Varcoe: UCP’s message of financial continuity in Alberta lands, as acquainted checks stay forward

A theme of financial stability proved enticing for a province that’s come via a number of lean years following the preliminary collapse of oil costs 9 years in the past, 1000’s of layoffs, after which the pandemic

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UCP Chief Danielle Smith started her first official marketing campaign announcement this month in entrance of a house in Calgary’s southern suburbs, pledging to chop private taxes and proceed Alberta’s financial restoration.

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“Alberta’s financial system is booming,” she mentioned on the occasion in Auburn Bay.

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“We’re going to be relentlessly targeted on jobs and financial system and funding and bringing individuals right here.”

On Monday, Smith’s message of financial continuity helped propel the United Conservative Celebration to its second consecutive majority authorities, defeating Rachel Notley’s NDP.

Other than Smith’s promise to create a brand new eight per cent tax bracket on revenue earned beneath $60,000 a 12 months, she additionally vowed throughout the 28-day race to proceed balancing the province’s funds books.

A theme of financial stability proved enticing for a province that’s come via a number of lean years following the preliminary collapse of oil costs 9 years in the past, 1000’s of layoffs, after which the pandemic.

But, with the brand new tax minimize costing the treasury an estimated $1 billion, and different guarantees — resembling extending the 13-cent-a-litre gasoline tax vacation via the 12 months — an instantaneous problem for the following finance minister will likely be to maintain the province in surplus territory.

Smith will even must forge a plan to place the province for longer-term progress, funding and jobs amid an evolving financial system.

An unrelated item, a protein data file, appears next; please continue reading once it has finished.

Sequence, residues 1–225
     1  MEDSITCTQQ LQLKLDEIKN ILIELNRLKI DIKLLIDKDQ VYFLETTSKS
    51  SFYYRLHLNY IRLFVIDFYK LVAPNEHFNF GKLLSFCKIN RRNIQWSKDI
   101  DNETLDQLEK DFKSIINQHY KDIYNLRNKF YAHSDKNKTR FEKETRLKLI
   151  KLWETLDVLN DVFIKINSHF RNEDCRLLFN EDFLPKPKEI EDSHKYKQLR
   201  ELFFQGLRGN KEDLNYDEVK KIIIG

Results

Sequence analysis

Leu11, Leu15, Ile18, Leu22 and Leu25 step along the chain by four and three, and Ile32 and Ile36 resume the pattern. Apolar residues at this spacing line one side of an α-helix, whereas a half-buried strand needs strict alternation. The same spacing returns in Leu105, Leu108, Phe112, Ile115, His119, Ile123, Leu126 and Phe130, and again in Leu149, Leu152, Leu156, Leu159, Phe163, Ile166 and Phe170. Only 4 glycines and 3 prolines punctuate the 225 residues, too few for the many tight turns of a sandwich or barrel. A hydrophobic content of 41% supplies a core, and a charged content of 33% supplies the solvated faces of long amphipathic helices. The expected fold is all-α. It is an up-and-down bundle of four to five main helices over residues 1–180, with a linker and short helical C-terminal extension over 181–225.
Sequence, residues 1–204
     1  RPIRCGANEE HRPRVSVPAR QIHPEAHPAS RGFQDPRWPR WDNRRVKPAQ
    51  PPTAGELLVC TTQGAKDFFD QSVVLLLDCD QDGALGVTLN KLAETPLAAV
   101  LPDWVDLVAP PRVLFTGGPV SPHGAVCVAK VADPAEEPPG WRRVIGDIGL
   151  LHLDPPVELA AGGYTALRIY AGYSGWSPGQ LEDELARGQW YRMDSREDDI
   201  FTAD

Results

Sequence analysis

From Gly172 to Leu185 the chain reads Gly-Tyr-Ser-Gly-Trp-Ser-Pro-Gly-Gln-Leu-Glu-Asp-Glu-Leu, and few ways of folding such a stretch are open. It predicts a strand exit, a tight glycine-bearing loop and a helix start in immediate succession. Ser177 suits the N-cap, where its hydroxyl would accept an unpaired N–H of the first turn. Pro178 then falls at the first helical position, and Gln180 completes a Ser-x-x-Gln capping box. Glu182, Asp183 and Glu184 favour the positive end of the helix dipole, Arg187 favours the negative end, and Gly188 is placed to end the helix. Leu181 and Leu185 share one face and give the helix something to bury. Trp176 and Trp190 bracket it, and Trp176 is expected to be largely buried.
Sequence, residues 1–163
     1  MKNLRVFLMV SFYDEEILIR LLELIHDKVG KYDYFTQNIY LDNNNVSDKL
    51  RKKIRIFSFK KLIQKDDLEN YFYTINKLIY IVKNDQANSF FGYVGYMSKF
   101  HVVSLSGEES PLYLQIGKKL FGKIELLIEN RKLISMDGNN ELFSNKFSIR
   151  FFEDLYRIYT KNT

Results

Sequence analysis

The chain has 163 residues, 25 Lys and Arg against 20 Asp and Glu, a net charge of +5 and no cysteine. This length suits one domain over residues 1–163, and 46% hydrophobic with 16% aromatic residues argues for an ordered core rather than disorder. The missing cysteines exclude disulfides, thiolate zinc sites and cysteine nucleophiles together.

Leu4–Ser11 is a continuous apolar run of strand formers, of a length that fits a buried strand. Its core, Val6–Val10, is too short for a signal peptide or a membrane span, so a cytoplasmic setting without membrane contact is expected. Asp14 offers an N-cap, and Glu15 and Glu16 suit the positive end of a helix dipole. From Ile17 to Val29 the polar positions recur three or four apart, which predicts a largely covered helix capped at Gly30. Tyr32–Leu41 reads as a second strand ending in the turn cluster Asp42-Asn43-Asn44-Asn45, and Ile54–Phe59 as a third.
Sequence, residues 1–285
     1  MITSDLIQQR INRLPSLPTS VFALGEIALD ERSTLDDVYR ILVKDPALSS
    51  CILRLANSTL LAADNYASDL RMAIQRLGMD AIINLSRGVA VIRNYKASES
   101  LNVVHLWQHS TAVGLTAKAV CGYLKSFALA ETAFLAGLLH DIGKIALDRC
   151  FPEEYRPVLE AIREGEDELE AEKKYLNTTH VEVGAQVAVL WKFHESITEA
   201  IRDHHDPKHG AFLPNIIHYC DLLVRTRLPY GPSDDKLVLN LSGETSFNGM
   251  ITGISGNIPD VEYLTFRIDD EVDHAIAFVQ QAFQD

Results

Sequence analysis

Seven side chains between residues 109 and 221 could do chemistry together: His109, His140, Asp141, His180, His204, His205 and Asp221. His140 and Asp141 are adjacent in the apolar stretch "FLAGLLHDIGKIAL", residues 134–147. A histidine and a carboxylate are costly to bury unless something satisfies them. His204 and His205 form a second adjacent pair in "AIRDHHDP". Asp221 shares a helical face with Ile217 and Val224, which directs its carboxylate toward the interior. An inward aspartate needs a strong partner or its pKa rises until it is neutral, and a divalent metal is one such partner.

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Again in February, beneath Smith’s first funds as premier, the province projected U.S. benchmark oil costs would common US$79 a barrel via this fiscal 12 months.

On Monday, costs for West Texas Intermediate (WTI) crude closed practically $6-a-barrel beneath that mark.

On the income entrance, each $1-a-barrel change within the value of WTI oil over the course of the funds 12 months alters provincial revenues by $630 million.

“There’s not lots of margin to manoeuvre,” Alberta Central chief economist Charles St-Arnaud mentioned Monday.

The funds forecast a $2.4-billion surplus, together with a $1.5-billion contingency for emergencies.

With wildfires persevering with to burn within the province and the potential for different sudden bills, the federal government will doubtless want oil costs to common about $75 a barrel this 12 months to steadiness its fiscal books, mentioned College of Calgary economist Trevor Tombe.

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But, there are key playing cards in Alberta’s favour.

The inhabitants is rising and migration into the province stays robust, which can propel extra financial exercise.

Whereas U.S. oil costs are down from funds estimates, the worth low cost dealing with Western Canadian Choose heavy crude has narrowed, which can help provincial coffers.

A pumpjack is seen near Calgary.
A pumpjack is seen surrounded by canola on the japanese fringe of Calgary. Photograph by Jim Wells /Postmedia

The broader financial system can also be performing nicely.

Alberta’s GDP is forecast to develop by 2.4 per cent this 12 months, in contrast with simply above one per cent for the nation, mentioned Marc Desormeaux, an economist with Desjardins.